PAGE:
Humble Pie tells the story of Tracy Orbison, a lonely dude who’s just trying to make something of himself. He’s got a lot going against him though: he’s morbidly obese, still lives with his ball-busting mother, works a go-nowhere job at a second-rate grocery store, and doesn’t even have his drivers license. Despite all of this, Tracy dreams of one day becoming an actor, but his pursuit for fame and recognition only seems to cause more trouble for himself.
It all starts at a local play, where Tracy is mesmerized by the acting chops of Truman Hope (played by Billy Baldwin). Tracy starts taking an acting class and begins to gain some self confidence. He starts mentoring some mislead youth, and forms a bond with his new teacher and idol, Truman Hope. But he soon discovers that teenagers should never be trusted, actors are fucking assholes and, if you’re a sweet fat dude, people will walk all over you. What unfolds next is a series of bad decisions and worse consequences, all of which force Tracy to confront the dilemmas of being born into mediocrity.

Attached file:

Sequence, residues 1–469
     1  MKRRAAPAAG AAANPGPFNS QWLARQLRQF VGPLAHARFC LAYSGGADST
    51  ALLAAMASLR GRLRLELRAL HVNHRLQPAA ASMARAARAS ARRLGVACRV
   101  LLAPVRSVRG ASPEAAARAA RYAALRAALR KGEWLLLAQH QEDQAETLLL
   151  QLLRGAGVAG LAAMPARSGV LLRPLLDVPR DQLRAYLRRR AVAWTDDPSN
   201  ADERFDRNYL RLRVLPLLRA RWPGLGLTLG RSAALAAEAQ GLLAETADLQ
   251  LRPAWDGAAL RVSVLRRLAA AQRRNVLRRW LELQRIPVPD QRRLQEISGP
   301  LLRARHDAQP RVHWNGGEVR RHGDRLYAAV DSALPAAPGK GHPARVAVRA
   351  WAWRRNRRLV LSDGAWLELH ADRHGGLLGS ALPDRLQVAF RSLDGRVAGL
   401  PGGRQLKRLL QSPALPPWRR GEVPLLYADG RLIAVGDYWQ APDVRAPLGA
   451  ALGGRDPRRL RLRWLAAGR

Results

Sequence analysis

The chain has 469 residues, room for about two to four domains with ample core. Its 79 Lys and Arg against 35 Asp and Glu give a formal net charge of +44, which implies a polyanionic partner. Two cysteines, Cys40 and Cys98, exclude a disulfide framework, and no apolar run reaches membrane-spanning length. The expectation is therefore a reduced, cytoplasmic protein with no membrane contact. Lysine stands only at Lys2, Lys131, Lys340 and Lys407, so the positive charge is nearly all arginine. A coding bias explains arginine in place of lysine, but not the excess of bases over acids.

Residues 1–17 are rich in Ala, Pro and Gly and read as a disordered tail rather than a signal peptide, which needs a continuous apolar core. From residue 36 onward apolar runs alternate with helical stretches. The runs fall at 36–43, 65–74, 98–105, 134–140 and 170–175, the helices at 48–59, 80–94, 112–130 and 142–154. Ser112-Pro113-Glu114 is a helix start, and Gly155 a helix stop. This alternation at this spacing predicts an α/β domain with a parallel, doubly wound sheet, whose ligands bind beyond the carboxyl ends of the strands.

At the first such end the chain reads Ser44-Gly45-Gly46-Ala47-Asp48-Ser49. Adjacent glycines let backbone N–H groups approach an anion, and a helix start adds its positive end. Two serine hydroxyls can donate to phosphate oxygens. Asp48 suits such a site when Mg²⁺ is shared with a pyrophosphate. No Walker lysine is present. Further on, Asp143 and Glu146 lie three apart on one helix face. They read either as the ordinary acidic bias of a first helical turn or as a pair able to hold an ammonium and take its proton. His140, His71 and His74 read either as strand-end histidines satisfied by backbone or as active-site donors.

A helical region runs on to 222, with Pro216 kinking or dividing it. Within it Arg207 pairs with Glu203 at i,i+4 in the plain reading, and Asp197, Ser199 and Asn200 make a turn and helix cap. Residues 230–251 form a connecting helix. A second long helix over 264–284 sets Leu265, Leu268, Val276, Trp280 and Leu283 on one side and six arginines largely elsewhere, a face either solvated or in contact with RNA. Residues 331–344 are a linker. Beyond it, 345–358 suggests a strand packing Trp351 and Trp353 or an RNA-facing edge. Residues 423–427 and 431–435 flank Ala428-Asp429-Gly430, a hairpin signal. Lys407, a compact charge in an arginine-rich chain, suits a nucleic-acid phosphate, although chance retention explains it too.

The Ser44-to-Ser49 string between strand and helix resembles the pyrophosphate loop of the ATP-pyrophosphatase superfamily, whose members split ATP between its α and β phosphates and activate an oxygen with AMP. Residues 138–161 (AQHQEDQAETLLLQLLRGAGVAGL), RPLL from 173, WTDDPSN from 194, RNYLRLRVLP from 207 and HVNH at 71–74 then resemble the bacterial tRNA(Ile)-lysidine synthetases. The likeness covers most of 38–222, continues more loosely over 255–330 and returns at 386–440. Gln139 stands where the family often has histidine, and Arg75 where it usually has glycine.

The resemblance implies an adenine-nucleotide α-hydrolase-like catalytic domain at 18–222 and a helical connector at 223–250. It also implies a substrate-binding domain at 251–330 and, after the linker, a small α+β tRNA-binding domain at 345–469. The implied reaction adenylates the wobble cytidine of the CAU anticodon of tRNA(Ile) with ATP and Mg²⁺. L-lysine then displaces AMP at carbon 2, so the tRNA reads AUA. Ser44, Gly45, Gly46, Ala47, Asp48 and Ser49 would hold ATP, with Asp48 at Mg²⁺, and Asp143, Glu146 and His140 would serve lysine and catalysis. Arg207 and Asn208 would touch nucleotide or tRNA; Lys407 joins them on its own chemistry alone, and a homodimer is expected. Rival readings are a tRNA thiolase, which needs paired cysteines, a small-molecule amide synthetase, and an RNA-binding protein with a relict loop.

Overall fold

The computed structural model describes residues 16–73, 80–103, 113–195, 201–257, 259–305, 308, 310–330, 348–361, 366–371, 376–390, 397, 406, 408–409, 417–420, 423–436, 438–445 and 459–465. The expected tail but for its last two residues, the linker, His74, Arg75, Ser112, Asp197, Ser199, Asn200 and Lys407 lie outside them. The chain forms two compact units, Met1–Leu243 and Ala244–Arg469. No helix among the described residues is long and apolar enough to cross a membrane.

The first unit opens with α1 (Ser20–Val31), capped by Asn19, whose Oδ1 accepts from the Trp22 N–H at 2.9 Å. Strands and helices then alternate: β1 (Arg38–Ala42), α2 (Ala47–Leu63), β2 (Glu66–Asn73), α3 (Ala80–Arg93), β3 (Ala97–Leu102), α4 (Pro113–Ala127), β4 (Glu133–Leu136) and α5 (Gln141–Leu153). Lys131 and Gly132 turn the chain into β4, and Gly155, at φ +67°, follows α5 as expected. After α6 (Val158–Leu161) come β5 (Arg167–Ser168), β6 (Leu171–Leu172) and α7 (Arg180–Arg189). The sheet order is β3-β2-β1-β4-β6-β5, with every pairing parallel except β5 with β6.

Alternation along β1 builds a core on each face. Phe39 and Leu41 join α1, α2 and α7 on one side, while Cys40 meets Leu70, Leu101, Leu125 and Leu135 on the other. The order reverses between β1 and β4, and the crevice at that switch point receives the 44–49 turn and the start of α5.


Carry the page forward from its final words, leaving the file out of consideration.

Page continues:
Humble Pie is a lot like Eagle vs Shark or Napoleon Dynamite. It’s a story about a social misfit; an antihero. It’s even shot in a similar aesthetic: lots of washed out earthtones, unknown actors, and retro styles. But where Napoleon and Jarrod (of Eagle vs Shark) were annoying and over-exaggerated, Tracy is believable and totally likable. Thanks to some pretty brilliant acting by Hubbel Palmer, I was completely invested in Tracy. Also, it’s refreshing to see a fat guy get a lead role for once. I think the last time that happened was when Chris Farley was cast in Almost Heroes.
As for the rest of the acting, it’s all pretty terrific. Casting Billy Baldwin to play the cheesy, over-the-top actor was pure genius, and with Mary Lynn Rajskub playing Tracy’s sister, Peggy, it’s almost impossible not to like this movie. When all is said and done, Humble pie is a great movie with high replay value (I’ve watched it twice in three days). It’s no work of art, and it’s not going to leave you with a deeper understanding of your own existence, but it will most definitely entertain, and isn’t that what movies are supposed to do?
Admit it, you’ve seen Napoleon Dynamite (probably more than once) so there’s no reason for you not to see Humble Pie. It’s just sitting inside your computer, waiting for you.
I give Humble Pie: A passing grade.